Murky data makes oil trading tricky
By Christopher Johnson and Peg Mackey
LONDON (Reuters) - Oil markets are difficult to read at the best of times, but what if key data point in different directions and even the world's biggest producer and main consumer can't agree?
Policy and investment decisions become very difficult.
Oil has risen 15 percent this year to around $125 per barrel on talk the world market is tight and facing a supply crunch.
Speculation over possible war with Iran and even the closure of the Strait of Hormuz in the Middle East Gulf has encouraged investors to buy oil in the hope of making large profits.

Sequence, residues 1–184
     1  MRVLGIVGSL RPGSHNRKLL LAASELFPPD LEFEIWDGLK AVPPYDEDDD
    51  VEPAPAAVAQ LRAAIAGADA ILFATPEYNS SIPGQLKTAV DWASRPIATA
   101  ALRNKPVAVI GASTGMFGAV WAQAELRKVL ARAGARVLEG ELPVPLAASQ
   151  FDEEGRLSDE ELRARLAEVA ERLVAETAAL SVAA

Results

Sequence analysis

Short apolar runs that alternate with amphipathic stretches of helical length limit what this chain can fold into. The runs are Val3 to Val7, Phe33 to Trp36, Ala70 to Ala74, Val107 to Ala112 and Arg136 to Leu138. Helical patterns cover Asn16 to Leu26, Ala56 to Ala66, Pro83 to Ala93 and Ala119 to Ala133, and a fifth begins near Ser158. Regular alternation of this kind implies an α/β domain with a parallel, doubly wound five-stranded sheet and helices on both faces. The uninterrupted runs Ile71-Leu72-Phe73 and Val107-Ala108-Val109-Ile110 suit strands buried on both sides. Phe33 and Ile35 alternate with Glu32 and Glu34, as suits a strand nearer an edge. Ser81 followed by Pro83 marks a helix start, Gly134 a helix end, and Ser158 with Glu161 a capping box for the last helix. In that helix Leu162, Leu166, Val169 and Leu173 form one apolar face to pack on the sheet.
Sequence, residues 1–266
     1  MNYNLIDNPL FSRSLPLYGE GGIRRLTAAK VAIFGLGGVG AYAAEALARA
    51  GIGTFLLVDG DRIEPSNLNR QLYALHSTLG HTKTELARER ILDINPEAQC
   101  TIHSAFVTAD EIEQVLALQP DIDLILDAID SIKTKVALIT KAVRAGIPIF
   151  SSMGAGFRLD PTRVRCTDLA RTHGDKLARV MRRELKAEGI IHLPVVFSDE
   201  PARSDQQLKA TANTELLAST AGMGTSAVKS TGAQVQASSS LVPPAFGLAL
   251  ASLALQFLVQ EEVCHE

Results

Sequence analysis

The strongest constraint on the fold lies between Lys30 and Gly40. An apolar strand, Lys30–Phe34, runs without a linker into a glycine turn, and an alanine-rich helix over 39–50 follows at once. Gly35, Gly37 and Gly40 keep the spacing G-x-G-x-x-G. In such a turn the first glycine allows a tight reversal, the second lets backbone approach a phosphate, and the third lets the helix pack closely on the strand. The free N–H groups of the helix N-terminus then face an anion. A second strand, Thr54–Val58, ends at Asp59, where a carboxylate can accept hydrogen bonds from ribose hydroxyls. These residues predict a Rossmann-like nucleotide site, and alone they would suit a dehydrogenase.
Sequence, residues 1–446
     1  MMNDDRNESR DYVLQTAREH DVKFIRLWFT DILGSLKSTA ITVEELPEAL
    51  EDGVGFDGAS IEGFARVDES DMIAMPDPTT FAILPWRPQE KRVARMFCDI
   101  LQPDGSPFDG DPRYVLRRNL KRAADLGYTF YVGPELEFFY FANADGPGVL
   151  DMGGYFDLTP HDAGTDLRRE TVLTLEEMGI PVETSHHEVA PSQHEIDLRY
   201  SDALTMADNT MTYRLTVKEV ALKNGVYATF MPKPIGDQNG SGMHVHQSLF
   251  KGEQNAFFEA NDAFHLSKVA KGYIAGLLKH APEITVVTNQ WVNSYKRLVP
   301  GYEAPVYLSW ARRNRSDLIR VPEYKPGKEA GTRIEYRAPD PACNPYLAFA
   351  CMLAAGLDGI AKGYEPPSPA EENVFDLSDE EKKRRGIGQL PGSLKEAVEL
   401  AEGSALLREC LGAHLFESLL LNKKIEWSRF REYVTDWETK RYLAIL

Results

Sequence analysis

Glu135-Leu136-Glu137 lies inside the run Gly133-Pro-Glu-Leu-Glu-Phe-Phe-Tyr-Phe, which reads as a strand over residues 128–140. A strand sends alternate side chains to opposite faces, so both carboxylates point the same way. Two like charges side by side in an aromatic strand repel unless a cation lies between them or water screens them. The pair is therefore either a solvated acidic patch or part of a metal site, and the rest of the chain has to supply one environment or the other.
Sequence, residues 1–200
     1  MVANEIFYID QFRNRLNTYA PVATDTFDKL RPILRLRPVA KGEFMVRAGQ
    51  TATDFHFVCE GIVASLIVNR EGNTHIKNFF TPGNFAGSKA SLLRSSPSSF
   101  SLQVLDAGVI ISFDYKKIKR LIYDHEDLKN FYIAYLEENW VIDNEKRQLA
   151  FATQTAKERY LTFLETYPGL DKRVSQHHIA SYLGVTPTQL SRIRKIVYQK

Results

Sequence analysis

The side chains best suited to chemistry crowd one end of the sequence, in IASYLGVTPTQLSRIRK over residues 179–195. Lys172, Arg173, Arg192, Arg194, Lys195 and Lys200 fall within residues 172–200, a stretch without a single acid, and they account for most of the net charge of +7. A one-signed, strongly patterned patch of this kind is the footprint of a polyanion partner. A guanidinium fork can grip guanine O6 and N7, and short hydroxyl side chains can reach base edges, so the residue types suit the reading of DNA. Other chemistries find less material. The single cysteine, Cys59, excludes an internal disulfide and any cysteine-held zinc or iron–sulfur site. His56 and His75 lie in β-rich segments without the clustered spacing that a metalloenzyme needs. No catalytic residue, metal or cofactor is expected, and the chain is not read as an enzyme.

Some industry data suggest the market is right to be worried. Other figures say it may be a wild over reaction.
Baseline numbers for demand, supply and inventories are being read quite differently and in some cases are pointing in opposite directions. Vast areas of the world market provide no data at all or incomplete figures, making any sensible forecasts exceptionally difficult.
Even the United States and Saudi Arabia, close allies with huge resources and entire government departments devoted to statistical analysis, can't agree on the state of the market.
Top exporter Saudi Arabia sees fuel supplies far out pacing demand and says there is no justification for oil at current levels. Washington, the world's no. 1 consumer, says producers, namely Saudi Arabia, need to pump more to cool prices. Continued...